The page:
For entrepreneurs, start-up and pioneer business owners, the threat of cyber attack can be doubled. Not only may such entities be targeted due to the nature and profile of their business, but these businesses also use technology much like individuals, accessing programs, creating proprietary content and sharing that content with partners and employees over the cloud through programs like Google Docs and Basecamp. Many small business owners can share stories of working from a local coffee shop -- using free wifi to download and send confidential files containing proprietary information, personnel documents and banking tasks. Stringer says ‘free’ wifi access and apps advertised to ‘improve efficiency and save money’ are examples of ‘perfect invitations’ to be hacked.

The impact of criminal hacking is so costly that an entirely new line of business has been created -- ethical hacking. Ethical hacking as used by corporate and government entities, is a contracted service where teams of cyber experts are paid to hack into an organization’s IT infrastructure and probe for vulnerabilities. These consultants have also developed programs to test for potential vulnerability via employees. Carefully designed social engineering experiments use phishing scams to uncover individuals who are susceptible to breaking cyber security protocol. Once detected, vulnerabilities in both tech and personnel are addressed through improved technology and employee training and awareness campaigns.

That kind of large scale hacking program may be out of reach for most small and medium sized companies, but Stringer says, there are ways to minimize risk and protect against the most common cyber threats (even without hiring a company of ethical hackers to take down your website).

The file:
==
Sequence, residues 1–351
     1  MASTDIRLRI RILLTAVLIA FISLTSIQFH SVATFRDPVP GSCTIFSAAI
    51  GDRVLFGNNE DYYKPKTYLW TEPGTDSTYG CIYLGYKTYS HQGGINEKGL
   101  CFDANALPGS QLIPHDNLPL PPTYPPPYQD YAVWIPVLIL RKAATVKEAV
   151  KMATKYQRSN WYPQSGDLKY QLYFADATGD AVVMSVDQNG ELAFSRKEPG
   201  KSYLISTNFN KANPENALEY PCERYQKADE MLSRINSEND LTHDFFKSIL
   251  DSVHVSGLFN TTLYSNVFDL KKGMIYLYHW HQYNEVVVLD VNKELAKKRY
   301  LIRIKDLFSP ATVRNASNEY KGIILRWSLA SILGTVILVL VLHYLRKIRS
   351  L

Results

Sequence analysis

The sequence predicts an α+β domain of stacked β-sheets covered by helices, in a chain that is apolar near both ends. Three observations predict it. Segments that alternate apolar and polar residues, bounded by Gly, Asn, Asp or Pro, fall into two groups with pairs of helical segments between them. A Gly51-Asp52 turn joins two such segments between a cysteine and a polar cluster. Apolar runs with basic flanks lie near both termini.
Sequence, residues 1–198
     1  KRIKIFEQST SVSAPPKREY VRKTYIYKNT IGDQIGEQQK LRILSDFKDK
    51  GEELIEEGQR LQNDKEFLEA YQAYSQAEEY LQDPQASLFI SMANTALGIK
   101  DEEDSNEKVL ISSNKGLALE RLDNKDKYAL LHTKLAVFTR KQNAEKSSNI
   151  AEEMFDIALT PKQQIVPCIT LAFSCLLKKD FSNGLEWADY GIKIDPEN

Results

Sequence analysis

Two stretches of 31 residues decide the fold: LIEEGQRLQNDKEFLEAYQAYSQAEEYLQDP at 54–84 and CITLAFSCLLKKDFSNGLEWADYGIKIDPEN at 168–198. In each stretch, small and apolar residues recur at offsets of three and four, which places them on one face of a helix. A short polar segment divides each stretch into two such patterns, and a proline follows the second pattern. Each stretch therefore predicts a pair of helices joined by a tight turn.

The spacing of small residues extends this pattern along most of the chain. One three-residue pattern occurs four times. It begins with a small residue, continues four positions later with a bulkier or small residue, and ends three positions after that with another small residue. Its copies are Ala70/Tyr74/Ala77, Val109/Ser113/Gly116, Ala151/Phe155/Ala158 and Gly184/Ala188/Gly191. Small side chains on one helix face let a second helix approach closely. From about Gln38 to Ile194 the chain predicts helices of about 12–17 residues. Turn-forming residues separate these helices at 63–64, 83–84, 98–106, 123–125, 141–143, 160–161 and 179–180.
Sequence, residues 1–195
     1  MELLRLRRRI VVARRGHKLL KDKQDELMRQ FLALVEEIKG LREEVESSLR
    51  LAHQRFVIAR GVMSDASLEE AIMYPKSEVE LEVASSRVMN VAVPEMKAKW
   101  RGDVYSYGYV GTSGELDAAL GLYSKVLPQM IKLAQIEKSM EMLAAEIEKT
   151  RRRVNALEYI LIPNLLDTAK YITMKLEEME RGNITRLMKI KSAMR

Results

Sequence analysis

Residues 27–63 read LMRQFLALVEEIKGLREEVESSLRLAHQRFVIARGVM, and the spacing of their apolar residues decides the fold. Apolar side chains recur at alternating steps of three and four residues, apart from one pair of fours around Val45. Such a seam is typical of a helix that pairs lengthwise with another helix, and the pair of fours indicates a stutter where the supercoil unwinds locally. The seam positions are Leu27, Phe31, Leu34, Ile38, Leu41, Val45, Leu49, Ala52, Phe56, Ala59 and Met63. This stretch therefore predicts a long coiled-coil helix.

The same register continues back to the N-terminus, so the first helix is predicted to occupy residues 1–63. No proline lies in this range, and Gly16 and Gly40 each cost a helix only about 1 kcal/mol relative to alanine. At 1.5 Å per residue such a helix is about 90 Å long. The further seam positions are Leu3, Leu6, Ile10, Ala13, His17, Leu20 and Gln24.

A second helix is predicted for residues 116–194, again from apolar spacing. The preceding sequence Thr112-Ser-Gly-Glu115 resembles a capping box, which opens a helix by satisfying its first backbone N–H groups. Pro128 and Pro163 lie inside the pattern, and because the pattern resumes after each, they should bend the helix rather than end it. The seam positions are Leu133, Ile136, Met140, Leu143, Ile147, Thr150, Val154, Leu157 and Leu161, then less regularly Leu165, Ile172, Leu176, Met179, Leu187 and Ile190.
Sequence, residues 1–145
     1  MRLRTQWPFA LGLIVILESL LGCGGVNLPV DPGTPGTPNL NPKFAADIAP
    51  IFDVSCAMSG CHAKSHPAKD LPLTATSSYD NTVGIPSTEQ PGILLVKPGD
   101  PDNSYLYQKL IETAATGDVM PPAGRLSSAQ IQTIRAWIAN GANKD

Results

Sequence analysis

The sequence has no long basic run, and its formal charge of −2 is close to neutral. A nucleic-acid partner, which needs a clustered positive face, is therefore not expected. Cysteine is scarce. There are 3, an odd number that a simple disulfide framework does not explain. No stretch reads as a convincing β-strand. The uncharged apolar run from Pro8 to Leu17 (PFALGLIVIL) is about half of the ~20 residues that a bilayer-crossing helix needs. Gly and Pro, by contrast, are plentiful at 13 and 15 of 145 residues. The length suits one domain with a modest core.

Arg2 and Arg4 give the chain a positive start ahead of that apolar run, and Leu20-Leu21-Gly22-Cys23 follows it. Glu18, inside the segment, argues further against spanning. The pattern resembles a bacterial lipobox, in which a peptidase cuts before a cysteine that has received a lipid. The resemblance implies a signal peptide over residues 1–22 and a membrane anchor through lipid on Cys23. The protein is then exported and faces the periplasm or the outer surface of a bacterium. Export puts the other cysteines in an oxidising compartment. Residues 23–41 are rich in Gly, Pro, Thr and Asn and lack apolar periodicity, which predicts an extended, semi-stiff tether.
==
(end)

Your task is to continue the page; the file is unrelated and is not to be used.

Login in to a secure best practice

“It’s all about adopting new behavior,” Stringer said. “We look both ways before crossing the street. We wear helmets when we ride a bike and seat belts in the car.... We take practical precautions against risk all the time, yet millions of us think nothing of jumping on a free wifi hotspot when we’re in a coffee shop or the mall. And right there is one of the greatest risks for identity theft or hackers downloading banking and other protected site passwords and login information. In less than a minute, someone can lose money and reputation just because they didn’t take the extra few seconds to log on using a VPN (virtual private network).”

Stringer and Murphy, also an expert in cyber infrastructure, say they are both increasingly alarmed by the growing vulnerability of individuals and businesses coupled with a seemingly decreased vigilance among internet users and/or willingness to take ordinary precautions against victimization.